Then, my friend’s mom hired me to teach a cooking class to eight middle schoolers. I included no-knead sandwich bread and homemade ricotta in the curriculum. Ricotta is a fun, kid-friendly project that has a great aha moment: pouring the acid in causes the curds to separate from the whey in a matter of minutes. Ladle the curds into a cheesecloth-lined strainer set over a bowl and you’ve got ricotta. (The whey is a great swap for water in the no-knead bread recipe. Save it for up to 1 week.)

One taste of the homemade variety and I was hooked. I slathered it on warm toast, drizzled with a peppery olive oil, and showered it with flaky sea salt and freshly ground black pepper twice daily until the batch was gone.

Even though it’s easy and quick to make, the real reason to DIY ricotta is for the pure milk flavor with a bright, lemony tang. A note on ingredients: it’s worth splurging on high-quality organic milk. If you have a dairy stand at the farmers’ market, now is the time to indulge. This is about highlighting quality, otherwise there’s a yellow tub with your name on it at the store.

Serve this drizzled with oil and crackers, ideally with prosciutto, salad, and your other favorite sides nearby. Oh, and pour some rose, beer, or whatever your favorite drink is, too.

Homemade Ricotta Makes about 1 quart

Ingredients 12 cups whole milk 2 cups heavy cream ½ cup fresh lemon juice (you can also use distilled white vinegar) 2 teaspoons salt

Equipment: Cheesecloth, strainer, large pot, candy thermometer or an instant-read thermometer

Line a strainer with triple-folded cheesecloth. Set over a large bowl. Set aside.

Combine the milk and cream in a large pot over medium heat. Clip a candy thermometer to the side of the pan, if you have one. Warm the milk to 200º F. (This should take about 20 minutes.) Remove from the heat; stir in the lemon juice and salt. When the curds have separated from the whey, about 10 minutes, ladle them into the cheesecloth-lined strainer. Pour the remaining whey into the strainer and save for bread or discard.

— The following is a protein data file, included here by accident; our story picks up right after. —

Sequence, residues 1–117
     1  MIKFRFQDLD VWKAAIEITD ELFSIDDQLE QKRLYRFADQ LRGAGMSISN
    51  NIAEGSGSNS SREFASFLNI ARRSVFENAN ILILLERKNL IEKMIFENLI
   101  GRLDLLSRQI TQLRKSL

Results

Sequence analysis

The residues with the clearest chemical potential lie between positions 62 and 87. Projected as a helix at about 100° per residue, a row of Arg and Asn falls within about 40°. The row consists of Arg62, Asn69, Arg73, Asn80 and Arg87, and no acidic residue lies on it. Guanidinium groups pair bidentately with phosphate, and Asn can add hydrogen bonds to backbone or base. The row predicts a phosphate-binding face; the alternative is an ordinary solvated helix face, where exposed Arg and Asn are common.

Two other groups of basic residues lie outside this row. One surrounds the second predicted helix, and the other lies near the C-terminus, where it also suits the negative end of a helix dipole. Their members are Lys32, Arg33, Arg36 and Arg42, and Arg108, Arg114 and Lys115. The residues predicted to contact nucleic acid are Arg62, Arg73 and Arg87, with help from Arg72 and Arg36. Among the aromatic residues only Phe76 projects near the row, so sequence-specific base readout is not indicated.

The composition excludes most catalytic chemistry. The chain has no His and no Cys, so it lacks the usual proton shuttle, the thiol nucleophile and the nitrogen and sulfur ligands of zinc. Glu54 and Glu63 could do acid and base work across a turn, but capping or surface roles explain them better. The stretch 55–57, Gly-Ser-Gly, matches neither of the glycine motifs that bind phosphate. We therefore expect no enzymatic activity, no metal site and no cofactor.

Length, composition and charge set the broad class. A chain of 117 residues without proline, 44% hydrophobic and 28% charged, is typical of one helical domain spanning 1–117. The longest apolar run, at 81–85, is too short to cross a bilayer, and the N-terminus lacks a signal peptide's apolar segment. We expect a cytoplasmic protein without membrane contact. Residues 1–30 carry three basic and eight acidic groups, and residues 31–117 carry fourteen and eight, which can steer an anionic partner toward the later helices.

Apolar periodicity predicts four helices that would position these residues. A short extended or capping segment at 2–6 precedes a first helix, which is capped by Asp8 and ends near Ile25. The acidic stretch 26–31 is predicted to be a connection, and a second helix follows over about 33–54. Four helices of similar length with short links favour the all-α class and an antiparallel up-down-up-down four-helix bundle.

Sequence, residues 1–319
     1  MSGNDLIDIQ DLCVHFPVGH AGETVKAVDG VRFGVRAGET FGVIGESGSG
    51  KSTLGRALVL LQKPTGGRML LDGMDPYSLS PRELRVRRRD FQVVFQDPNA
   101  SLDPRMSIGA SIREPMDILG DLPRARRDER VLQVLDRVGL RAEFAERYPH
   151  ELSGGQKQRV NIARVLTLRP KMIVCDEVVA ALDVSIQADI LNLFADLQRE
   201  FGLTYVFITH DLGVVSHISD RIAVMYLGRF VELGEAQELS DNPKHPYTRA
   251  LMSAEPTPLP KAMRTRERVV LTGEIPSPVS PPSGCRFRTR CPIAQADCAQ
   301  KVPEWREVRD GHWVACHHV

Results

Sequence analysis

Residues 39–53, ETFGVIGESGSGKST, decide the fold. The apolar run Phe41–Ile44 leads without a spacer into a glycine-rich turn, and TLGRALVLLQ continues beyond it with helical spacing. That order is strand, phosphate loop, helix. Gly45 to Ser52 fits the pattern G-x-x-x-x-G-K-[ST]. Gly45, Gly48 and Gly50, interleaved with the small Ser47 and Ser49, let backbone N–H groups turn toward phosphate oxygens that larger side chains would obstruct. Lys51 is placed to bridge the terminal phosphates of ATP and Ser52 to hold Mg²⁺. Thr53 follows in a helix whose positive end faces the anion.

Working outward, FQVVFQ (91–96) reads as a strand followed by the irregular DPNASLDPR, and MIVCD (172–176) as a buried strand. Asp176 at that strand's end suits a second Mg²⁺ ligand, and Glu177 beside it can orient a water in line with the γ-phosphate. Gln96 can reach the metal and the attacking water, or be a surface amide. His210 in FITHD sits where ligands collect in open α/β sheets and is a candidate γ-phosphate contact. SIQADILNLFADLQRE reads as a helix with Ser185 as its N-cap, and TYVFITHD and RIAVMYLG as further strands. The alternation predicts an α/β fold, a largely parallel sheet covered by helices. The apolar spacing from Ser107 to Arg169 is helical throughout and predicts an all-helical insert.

Let drain until ricotta reaches the desired consistency, about 45 minutes to 1 hour. Transfer to an airtight container and refrigerate. Ricotta will keep for up to 1 week.

Orange-Ginger Cranberry Sauce

Hear me out on cranberry sauce. This oft-maligned condiment is actually the stealth star of Thanksgiving.

You may casually spoon a jewel-toned dollop between sweet potatoes and stuffing just for color, but, sure enough, it sneaks onto every forkful, where it can make or break each bite. It's not worth messing with a meal you wait all year for, so this time, why not give it a little extra love?

As for the recipe. You may be thinking: two posts in a row with fresh ginger? She is crazy! Well, that may be true, but I love the spicy undertones ginger adds to sweet recipes. It anchors the sugar and offsets the tart cranberries, directing this under-appreciated dish away from cloying sweetness.

Plus, if you bought ginger to make spiced apple cider, then you probably have extra to use in this recipe.

Sure, you can dress up cranberry sauce with fresh lemon juice or just cook the berries with some sugar, but this slightly spicy rendition is sure to perk up the entire sideboard at your Thanksgiving meal.

Special thanks to Charlyne Mattox for introducing me to ginger-spiked relish. I don't think I'll ever turn back.


Ginger-Orange Cranberry Sauce Recipe by Lindsay Hunt

Ingredients: 3 ½ cups (12 ounces) fresh or frozen cranberries ¾ cup sugar ½ cup freshly squeezed orange juice, plus two 2-inch strips of zest 1 tablespoon finely grated fresh ginger ¼ teaspoon kosher salt

Equipment: A fine grater, such as a Microplane

Directions: 1. Combine the cranberries, sugar, orange juice, ginger, and salt in a medium pot. Bring to a boil over medium-high heat, stirring occasionally. Reduce heat and simmer, stirring often, until about half of the cranberries have popped, 2 to 3 minutes.

2. Cool the sauce and transfer to a serving dish. Cranberry sauce can be made up to 3 days ahead. Let come to room temperature before serving.